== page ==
zioneyez
Gentle Glow
$13
To combat the eyestrain that happens when your monitor is brighter than the room, Antec mounts six LEDs to the back of your screen. The result is an eye-relaxing halo. Antec Soundscience Bias Lighting Halo 6 LED kit $13; antec.com
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Rather than let life pass you by, save it. With the camera-equipped Eyez glasses, users can share point-of-view video without the clunky cameras and nettlesome file transfers that rabid uploaders typically endure. The Ray-Ban-style shades capture an extra-wide 130-degree field of vision through a half-inch fisheye-like lens, which is masked NOW WEAR THIS At four ounces, Eyez are only slightly heavier than everyday sunglasses.
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WHAT'S NEW
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THE goods
A dozen great ideas in gear
Roundabout
iPencil
Speed Racer
Computer Capture
Green Gazer
Hard Shell
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Slide the Dot lens over your iPhone 4 camera and set it down on a table to shoot 360-degree video panoramas. The optical element includes curved plastic and reflects the entire scene down into the image sensor. An app recomposes the footage into a circular scene.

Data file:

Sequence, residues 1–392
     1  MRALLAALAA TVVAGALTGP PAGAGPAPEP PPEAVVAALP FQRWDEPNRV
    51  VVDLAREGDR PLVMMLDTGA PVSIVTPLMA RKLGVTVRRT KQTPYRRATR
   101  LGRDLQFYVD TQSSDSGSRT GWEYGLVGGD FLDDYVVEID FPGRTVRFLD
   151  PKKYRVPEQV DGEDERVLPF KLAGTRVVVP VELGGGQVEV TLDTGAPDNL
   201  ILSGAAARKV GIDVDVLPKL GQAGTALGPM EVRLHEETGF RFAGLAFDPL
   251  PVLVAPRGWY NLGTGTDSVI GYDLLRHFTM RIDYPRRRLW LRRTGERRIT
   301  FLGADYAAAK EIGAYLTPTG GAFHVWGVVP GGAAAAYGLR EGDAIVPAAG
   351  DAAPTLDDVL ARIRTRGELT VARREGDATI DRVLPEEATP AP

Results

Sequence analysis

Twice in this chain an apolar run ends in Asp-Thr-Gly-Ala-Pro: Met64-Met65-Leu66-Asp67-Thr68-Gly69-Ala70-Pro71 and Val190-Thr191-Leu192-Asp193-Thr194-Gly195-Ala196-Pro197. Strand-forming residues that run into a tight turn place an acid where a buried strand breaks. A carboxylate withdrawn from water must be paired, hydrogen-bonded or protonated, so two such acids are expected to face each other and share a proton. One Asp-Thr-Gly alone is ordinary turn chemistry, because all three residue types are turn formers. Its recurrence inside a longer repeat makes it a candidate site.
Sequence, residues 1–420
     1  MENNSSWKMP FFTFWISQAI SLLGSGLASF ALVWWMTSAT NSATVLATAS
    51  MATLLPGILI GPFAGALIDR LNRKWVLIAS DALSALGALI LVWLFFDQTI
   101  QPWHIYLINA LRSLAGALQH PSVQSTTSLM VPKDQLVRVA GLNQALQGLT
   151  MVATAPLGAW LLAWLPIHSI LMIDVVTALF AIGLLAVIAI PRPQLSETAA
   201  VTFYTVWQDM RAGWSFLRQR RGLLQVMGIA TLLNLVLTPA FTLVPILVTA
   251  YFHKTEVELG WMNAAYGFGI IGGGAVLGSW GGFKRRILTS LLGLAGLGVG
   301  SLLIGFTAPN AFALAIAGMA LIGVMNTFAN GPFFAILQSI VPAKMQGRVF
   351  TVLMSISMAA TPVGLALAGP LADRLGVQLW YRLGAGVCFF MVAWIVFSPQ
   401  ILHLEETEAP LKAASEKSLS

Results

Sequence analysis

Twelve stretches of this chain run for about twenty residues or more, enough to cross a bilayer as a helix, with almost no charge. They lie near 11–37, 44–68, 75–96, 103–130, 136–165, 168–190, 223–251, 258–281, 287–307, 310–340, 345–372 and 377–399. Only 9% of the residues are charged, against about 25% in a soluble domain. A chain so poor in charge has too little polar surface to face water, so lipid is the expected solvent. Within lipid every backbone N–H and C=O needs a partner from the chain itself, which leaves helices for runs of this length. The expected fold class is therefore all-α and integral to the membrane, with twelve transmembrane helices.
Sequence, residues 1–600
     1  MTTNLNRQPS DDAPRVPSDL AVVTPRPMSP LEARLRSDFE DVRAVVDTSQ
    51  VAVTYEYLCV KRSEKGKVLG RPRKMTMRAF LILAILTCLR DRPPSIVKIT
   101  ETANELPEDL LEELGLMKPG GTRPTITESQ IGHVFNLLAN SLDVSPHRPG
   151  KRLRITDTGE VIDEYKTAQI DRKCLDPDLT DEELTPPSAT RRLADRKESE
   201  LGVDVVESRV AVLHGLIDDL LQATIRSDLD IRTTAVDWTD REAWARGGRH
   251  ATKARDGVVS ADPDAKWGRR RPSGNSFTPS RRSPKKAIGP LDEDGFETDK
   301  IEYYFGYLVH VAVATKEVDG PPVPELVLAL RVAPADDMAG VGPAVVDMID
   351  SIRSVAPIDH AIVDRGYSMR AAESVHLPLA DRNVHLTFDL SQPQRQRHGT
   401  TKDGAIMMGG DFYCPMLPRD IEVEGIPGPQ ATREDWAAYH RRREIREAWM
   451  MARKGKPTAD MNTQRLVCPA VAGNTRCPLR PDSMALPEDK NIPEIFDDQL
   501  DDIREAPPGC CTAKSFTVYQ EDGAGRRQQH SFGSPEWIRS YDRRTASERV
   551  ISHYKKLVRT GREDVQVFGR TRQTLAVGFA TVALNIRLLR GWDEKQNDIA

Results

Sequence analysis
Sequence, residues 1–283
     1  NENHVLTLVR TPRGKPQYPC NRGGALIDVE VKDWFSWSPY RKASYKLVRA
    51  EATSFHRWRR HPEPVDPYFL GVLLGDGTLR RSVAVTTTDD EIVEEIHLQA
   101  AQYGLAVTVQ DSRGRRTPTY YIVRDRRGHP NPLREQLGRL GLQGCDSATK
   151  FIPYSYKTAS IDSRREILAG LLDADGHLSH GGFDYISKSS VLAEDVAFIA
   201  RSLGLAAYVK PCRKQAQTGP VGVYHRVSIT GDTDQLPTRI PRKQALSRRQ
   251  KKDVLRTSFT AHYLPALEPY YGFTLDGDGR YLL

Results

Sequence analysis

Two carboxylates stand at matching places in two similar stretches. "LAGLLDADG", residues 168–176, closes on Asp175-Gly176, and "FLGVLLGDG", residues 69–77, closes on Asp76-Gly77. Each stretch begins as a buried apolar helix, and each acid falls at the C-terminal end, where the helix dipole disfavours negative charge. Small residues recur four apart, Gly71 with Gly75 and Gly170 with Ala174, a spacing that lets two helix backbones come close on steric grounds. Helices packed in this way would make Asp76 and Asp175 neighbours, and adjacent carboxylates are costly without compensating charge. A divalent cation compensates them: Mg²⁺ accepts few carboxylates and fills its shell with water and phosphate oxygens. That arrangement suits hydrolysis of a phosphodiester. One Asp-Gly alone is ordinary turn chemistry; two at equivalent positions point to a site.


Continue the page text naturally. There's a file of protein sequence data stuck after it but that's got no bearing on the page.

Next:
PopularScience_20110701_0279_001_0020.xml
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WHAT'S NEW
TESTED
THE ALL-WEATHER SUPERCAR
Ferrari engineers a novel, high-performance all-wheel-drive system
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The mere existence of a 208mph Ferrari wagon confounds expectations. But the $300,000 Ferrari FF also upends the conventional approach to all-wheel drive. And when we tested it in Italy’s Dolomites, we learned what cost-no-object engineering can build: the world’s fastest four-seater and the first foul-weather Ferrari.
PopularScience_20110701_0279_001_0021.xml
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Ashland Inc.
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Ashland Inc.
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WHAT'S NEW
FULLY LOADED
GARAGE HEROES
Easy-to-use, affordable recording tools that make even the most amateur cuts sound pro
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Synthesizer
$600
The Venom keyboard doesn't need a separate converter to connect to your computer. Instead, this synth has one inside that converts and pipes sounds directly to your music-editing software.M-Audio Venom from Avid$600 m-audio.com
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Effect box
$350